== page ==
Challenges Aplenty for Chris Collins at NorthwesternPosted by KTrahan on April 1st, 2013
Northwestern announced the hiring of Duke associate head coach Chris Collins as its new head coach last week, and on Tuesday, the Collins era will officially begin in Evanston with an introductory press conference. There was little drama in this coaching search — everyone knew all along the job was Collins’ if he wanted it, and he took it, citing the chance to come home (he’s a Northbrook, Illinois, native) and lead a high-major program. But Northwestern isn’t just any high-major program. Truthfully, it could be the toughest job in all of college basketball. The Wildcats have never been to the NCAA Tournament, and while their last coach, Bill Carmody — a terrific coach in his own right — got NU to heights it had never seen before, the program still lagged far behind most of the Big Ten as far as sustained success goes. Carmody was in Evanston for 13 years and the challenges got even tougher for him throughout his tenure, as he explained in his final press conference.
“There’s not much different now about what Northwestern offers than it was when Kevin O’Neill was here and (Ricky) Byrdsong and Bill Foster and all those,” he said. “So everyone knows, people have talked about it, it’s sort of like an arms race. So the gap might be widening that way.” These challenges — particularly the lack of good facilities and Northwestern’s stringent academic standards — will still be there for Collins. The question now is if NU is willing to do anything to change them, or if Collins will have to work around them. Facilities-wise, the football program is currently receiving its long-awaited face-lift, so it’s unlikely that basketball will get a similar upgrade in the near future. But what about academics, which could potentially be changed right away? Nobody is expecting NU to accept everyone who applies, but right now, the perception is that the Wildcats won’t bend for good players like Duke, and maybe even Harvard, will.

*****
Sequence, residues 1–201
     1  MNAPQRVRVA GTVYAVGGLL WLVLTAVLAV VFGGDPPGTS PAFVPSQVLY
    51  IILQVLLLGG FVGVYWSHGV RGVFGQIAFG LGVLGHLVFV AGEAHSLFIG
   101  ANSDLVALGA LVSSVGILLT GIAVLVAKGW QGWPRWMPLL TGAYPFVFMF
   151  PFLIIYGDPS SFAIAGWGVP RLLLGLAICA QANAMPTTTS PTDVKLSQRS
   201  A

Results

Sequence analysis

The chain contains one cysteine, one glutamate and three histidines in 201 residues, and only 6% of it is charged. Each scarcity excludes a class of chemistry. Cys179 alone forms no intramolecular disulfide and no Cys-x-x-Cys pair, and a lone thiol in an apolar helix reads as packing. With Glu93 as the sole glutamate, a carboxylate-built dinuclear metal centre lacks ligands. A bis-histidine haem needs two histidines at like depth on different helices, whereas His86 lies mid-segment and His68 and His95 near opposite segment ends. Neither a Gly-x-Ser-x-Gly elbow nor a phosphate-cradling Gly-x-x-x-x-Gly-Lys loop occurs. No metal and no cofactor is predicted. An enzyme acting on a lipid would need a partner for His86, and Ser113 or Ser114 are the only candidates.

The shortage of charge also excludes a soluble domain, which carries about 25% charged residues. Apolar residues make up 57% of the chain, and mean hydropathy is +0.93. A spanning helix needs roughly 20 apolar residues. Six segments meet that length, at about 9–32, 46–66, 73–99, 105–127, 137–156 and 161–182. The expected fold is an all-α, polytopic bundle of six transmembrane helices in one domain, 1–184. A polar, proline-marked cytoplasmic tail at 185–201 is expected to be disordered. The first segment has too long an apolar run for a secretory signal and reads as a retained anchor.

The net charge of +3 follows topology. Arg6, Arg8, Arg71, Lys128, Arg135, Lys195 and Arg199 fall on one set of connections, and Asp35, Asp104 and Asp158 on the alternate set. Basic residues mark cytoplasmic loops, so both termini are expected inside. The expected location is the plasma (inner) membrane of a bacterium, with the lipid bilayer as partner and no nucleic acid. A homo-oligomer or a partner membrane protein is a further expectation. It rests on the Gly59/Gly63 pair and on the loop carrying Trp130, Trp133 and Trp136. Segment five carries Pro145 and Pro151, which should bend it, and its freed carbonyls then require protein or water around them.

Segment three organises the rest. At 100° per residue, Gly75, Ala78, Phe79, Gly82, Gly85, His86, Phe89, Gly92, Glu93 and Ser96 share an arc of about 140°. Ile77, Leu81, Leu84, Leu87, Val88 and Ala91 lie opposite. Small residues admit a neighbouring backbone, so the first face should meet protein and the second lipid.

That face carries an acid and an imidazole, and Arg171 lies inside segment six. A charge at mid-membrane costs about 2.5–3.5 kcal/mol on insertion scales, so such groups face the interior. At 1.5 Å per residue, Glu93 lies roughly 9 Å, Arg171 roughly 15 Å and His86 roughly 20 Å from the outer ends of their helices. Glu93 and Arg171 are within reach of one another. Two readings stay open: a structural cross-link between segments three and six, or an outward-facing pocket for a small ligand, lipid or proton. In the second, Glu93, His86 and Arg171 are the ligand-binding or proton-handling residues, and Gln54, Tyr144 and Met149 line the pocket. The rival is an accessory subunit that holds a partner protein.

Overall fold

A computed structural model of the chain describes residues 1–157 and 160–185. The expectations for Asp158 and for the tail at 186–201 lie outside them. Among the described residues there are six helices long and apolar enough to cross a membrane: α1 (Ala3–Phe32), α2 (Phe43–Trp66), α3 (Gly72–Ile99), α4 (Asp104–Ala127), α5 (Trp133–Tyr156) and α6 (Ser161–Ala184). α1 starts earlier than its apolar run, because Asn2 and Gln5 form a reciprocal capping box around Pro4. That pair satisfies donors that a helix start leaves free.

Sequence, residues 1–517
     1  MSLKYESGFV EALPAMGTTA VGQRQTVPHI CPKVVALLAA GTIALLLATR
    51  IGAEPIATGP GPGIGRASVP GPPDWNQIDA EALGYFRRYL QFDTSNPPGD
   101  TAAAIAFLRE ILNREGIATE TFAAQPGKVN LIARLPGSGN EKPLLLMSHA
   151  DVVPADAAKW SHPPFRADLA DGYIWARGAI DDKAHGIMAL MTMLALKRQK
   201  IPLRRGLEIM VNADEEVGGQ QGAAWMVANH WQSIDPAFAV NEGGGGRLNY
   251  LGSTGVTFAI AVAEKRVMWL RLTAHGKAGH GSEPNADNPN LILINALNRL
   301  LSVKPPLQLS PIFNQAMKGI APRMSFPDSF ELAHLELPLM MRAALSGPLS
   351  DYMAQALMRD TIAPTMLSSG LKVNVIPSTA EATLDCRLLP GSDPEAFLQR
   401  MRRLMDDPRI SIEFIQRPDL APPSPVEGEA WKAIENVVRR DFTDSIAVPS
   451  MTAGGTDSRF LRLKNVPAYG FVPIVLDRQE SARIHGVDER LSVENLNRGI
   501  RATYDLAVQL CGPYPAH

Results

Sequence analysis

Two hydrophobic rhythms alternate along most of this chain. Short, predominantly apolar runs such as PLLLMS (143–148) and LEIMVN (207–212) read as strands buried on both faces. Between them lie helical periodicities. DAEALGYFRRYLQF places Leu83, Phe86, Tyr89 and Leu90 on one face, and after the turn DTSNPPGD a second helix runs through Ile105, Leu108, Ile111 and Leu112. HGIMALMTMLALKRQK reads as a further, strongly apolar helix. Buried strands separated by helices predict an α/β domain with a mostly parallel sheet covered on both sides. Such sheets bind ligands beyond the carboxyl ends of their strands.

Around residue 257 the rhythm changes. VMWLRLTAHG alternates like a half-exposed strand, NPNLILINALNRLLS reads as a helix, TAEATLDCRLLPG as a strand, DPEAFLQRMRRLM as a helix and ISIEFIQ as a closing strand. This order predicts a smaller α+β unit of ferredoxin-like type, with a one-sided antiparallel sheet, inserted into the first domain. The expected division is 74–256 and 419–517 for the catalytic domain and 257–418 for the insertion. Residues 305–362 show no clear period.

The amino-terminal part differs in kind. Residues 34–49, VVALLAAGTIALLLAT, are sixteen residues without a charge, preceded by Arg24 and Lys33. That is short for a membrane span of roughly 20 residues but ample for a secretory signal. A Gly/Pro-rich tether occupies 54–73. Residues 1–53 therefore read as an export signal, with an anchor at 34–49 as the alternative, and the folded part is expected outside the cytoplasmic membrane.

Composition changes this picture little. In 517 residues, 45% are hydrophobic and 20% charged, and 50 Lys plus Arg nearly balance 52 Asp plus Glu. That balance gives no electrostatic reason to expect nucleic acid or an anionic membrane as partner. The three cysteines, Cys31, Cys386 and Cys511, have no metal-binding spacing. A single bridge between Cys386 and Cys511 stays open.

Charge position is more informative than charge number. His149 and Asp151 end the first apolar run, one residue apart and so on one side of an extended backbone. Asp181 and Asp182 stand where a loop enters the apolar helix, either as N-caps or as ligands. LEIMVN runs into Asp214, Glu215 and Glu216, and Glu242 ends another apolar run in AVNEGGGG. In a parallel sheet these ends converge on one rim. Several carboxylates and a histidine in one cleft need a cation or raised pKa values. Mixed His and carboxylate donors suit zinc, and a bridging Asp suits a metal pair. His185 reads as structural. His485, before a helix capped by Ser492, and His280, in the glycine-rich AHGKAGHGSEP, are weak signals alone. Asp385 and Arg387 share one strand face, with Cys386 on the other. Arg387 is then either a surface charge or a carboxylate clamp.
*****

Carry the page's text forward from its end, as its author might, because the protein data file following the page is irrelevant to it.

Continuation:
This story — maybe true, maybe not — best illustrates the perception that is there: As the anecdote goes, Tommy Amaker — former Michigan and current Harvard head coach, who played at Duke — interviewed for the NU job before the 1993 season. He gave the administration two academic resumes without names and asked if those players would get into NU. The administration said no. Those were the resumes of former Duke stars Christian Laettner and Bobby Hurley. The perception is that NU won’t bend for good players, and if it’s true, that’s an issue Collins may need to address.
Still, it’s unlikely that NU will change much. Rather, athletic director Jim Phillips said in a press conference two weeks ago that he wants the new coach to embrace what the school already has to offer — quality academics, proximity to Chicago, et al — than focus on its flaws. In that respect, Phillips thinks he got his man in Collins, who has already had to recruit talent with some academic restrictions at Duke.
Even with the challenges, Collins is in a decent position to succeed. Unlike Carmody, he’ll have full support of the fan base, and he has a lot more going for him in recruiting than Carmody did. Some fans have called him a “basketball Fitz” — a reference to football coach Pat Fitzgerald, who has won fans and recruits over as an energetic, exciting, young coach. Collins has ties to the NBA — his dad, Doug, is currently the coach of the Philadelphia 76ers, after all — and we shouldn’t forget his close relationship with Mike Krzyzewski and Olympic basketball. Those perks will certainly help him sell NU in recruiting, academic standards aside.
At Northwestern, there are always going to be challenges for the head coach in recruiting. Phillips was looking for someone he thought could work around those challenges, not come in and demand unrealistic changes. Now, Collins is about to embark on a journey with a goal that Bill Carmody, Kevin O’Neill, Ricky Byrdsong, Bill Foster and so many others couldn’t accomplish — get Northwestern to the NCAA Tournament. Phillips seems to have gotten the perfect fit, but even for a coach as celebrated as Collins, the obstacles are certainly aplenty.